Decision in McGill University Health Centre v Syndicat des employés de l’Hôpital général de Montréal
The Supreme Court of Canada rendered a judgment today in McGill University Health Centre (Montreal General Hospital) v Syndicat des employés de l’Hôpital général de Montréal, 2007 SCC 4. Deschamps J. (Binnie, LeBel, Fish, Charron and Rothstein JJ. concurring) wrote the majority judgment allowing the appeal while Abella J. (McLachlin C.J. and Bastarache J. concurring) gave concurring reasons.
The SCC case summary is quoted below:
Labour law — Collective agreement — Discrimination based on disability — Clause in collective agreement providing for administrative dismissal in case of extended absence due to illness — Employer’s duty to accommodate — Whether Appellant and/or its employers or employers’ association can predetermine extent of duty to accommodate — Whether duty to accommodate is without end — Whether each new event gives rise to new duty to accommodate — Whether Court of Appeal can intervene in arbitrator’s decision finding that employer reasonably accommodated worker — Whether there can be only one answer for decision to be correct.
The complainant, Alice Brady, had been employed by the Montreal General Hospital as a full-time medical secretary since 1985. On March 24, 2000, she stopped working as a result of exhaustion syndrome. She attempted a gradual return to work on four occasions, with her employer’s approval, but was unsuccessful. On July 28, 2002, the complainant was in a car accident that left her unemployable. Had it not been for the accident, she would have returned to work on September 9, 2002. On April 3, 2003, the Hospital terminated her employment, citing art. 12.11.5 of the collective agreement, which provided that, after an absence of 36 months, employees would lose their seniority and their employment if the absence was due to an illness or accident other than an occupational disease or an industrial accident. The Respondent union then filed a grievance asking the Hospital to review its decision and find a way to accommodate the complainant. The arbitrator dismissed the grievance on the basis that the employer had discharged its duty to accommodate by maintaining the employment relationship for 36 months, in accordance with the collective agreement. The Superior Court refused to review the decision. The Court of Appeal overturned the decision on the basis that the arbitrator could not apply the agreement blindly and was required to determine whether the employer had discharged its burden of proof with regard to the requested accommodation.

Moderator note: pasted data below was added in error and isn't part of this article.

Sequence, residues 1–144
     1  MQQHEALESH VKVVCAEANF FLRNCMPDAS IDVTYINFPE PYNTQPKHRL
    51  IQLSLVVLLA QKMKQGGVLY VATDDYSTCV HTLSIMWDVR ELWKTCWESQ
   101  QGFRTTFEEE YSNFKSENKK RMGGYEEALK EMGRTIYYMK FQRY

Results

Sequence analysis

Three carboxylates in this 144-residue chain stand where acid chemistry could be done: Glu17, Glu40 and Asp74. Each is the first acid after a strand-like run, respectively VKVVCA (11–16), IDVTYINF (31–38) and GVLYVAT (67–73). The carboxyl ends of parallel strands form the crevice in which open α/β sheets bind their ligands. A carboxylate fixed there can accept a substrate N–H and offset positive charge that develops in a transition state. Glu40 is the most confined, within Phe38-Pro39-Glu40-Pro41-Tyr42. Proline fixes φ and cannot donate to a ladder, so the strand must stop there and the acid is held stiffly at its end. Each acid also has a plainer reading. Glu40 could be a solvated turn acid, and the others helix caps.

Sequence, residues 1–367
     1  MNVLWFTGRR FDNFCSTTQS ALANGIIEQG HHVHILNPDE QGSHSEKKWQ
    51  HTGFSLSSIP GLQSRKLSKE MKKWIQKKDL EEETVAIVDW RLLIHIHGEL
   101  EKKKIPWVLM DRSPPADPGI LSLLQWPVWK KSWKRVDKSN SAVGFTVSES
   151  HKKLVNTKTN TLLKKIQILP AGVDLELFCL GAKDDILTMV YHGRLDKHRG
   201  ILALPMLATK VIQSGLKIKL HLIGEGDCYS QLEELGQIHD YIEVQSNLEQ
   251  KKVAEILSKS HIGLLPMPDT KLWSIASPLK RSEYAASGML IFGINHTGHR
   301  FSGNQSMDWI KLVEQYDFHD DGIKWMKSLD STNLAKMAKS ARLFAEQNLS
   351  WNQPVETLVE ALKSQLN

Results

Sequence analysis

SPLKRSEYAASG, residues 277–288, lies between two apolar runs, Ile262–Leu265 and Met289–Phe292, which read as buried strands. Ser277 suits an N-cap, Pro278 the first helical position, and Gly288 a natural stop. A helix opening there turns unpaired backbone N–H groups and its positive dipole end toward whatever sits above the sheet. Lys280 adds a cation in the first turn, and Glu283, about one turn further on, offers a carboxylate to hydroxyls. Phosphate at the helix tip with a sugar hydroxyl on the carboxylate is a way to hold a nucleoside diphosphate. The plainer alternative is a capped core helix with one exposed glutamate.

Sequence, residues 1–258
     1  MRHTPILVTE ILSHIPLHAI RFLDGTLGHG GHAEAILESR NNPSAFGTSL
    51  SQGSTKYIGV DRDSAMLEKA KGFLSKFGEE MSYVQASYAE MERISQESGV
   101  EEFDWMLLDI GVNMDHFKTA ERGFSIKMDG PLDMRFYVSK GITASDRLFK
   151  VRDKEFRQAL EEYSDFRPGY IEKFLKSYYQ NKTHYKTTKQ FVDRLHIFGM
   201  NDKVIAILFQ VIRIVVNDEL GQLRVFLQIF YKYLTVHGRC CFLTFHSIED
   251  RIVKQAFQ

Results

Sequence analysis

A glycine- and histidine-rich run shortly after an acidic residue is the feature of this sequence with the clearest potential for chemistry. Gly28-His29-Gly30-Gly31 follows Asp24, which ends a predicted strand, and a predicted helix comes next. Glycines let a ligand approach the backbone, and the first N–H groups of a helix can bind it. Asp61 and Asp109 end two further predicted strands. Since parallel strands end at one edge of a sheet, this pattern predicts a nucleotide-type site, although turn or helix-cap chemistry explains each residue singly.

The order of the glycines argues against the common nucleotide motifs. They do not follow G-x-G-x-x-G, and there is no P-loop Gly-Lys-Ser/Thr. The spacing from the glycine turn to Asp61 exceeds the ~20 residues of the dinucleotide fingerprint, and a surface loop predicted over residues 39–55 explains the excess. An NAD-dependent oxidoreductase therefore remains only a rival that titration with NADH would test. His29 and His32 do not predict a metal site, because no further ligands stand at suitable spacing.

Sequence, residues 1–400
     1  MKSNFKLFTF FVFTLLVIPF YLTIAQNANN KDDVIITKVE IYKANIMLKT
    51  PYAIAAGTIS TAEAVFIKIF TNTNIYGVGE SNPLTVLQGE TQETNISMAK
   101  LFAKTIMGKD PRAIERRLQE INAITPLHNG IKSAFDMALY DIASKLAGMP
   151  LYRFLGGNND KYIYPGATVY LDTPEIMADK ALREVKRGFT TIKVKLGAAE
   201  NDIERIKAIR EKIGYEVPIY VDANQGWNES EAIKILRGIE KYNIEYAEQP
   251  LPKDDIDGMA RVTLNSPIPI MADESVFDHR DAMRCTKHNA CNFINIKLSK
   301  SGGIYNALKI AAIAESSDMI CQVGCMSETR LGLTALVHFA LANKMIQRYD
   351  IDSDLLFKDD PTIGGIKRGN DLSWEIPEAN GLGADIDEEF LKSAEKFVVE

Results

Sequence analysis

Join the conversation